Why Woodies Are So Fascinating for Auto Body Repair Technicians

auto body technician training

No, we’re not talking about Andy’s favorite plaything in Toy Story. The woody—also known as a woody wagon—was a style of vehicle popular in the thirties and forties. First manufactured for mass commercial use by Ford, this type of automobile is characterized by the wooden paneling commonly found on its side and rear.

You will seldom see a woody on a modern roadway. Because of manufacturing legislation and impracticality, these woodworked babies have been entirely discontinued. However, serious collectors and automotive aficionados know that a classic woody in mint condition might be worth more than the property it’s parked on, with some models fetching six figures. But for the truest supporters, owning a woody is not necessarily about generating revenue, it’s about preserving a part of history.

Feeling Nostalgic? Cry About it in The Back Seat of a Woody

For many people, things bygone evoke a sentiment of nostalgia. We are rooted in habit, and for some, things have evolved too rapidly, and without warning. Being an auto body repair technician working on a woody is like helping bring a fragment of the past back to life.

The first woodies were used for transporting passengers and luggage from train stations

The first woodies were used for transporting passengers and luggage from train stations

When originally introduced, the woody was a work horse. It was essentially an extension of the horse-drawn carriage and was mainly used to transport people and luggage from train stations to their destinations. But eventually, the unique wooden cachet of the automobile seized the attention of the wealthier community and it became the preferred transport of the rural rich.

Woodies Are Special Not Just Because They’re Made Out of Wood

Of course, woodies are distinct because of their wood paneling. However, that use of wood made them unique in many other ways too. For example, the process of building a woody was highly labour intensive. Each car required 150 different sizes and shapes of wood that would have to be hand assembled. The wood would then have to be varnished and sanded multiple times. At one point, Ford even owned 400,000 acres of forest in Michigan so that it would have its own supply of wood.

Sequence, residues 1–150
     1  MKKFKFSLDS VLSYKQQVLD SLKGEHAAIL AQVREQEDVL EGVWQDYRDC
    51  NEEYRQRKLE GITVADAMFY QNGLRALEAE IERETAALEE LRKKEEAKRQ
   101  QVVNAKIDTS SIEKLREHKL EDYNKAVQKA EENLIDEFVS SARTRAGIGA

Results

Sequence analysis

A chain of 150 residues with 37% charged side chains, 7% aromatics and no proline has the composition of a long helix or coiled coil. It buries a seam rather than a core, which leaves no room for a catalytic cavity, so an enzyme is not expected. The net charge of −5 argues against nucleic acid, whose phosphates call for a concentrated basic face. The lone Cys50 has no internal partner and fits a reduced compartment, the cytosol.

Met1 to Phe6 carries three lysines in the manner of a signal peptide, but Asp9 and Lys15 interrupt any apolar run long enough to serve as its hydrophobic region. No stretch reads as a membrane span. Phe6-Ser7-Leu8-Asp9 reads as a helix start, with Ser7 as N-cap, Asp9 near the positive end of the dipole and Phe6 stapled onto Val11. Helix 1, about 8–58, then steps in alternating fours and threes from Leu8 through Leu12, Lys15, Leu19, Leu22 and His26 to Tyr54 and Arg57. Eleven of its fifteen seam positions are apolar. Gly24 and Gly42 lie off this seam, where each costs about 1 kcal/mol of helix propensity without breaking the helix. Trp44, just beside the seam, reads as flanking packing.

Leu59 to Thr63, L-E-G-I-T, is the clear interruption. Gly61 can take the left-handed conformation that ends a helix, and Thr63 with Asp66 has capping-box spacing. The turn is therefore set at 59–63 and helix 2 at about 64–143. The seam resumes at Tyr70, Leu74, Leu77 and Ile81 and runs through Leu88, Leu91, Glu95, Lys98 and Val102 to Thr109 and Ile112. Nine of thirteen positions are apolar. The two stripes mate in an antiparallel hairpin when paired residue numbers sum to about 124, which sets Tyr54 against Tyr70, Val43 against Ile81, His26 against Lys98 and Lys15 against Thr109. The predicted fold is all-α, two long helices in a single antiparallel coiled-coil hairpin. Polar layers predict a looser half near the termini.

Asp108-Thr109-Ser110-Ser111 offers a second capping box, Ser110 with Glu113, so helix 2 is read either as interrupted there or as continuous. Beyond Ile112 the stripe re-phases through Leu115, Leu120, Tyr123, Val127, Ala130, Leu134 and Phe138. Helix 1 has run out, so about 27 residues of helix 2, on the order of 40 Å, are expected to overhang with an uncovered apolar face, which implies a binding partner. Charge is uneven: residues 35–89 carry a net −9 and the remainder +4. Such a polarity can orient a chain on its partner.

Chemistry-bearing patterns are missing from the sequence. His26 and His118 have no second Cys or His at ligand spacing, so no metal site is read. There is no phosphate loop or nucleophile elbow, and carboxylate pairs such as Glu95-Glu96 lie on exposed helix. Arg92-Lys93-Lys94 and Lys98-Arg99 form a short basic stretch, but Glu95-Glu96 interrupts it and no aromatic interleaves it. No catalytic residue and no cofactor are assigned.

In their heyday, woodies were status vehicles. They were extremely expensive to produce and expensive to buy. And despite their high price tag, it was difficult for automakers to actually make a profit off of them. That fact, combined with changing tastes and evolving safety regulations, mean that today the woody is a rarity. Thankfully, as an auto body repair technician you can do your part to help keep this piece of history alive!

How Someone with Auto Body Technician Training Can Repair a Woody

After your auto body technician training, the opportunity to work on a woody is like having the opportunity to ride a flying unicorn over a full moon. It represents a professional, and sometimes even personal challenge. It is a test of aptitude.

This is a task to take on once you’ve gained a considerable amount of experience in auto body work. Fixing a woody is a delicate procedure that should be undertaken only by specialized and qualified personnel in possession of adequate equipment.

You can find a lot of woodies—like this 1950 Willys Wagon—at vintage car shows

You can find a lot of woodies—like this 1950 Willys Wagon—at vintage car shows

Fixing a woody is more complex than fixing a modern style of automobile because it combines conventional bodywork that you’ll learn about in your courses with woodworking. Only a trained auto body technician who has the knowledge and experience to not risk damaging the automobile should take on such an important project.

Looking for more auto body repair career information?

Contact Automotive Training Centres to learn more about our programs.

Categories: ATC News, Surrey
Tags: auto body repair career information, auto body repair technician, auto body technician training

Archives by Month:

Archives by Subject:

Get Started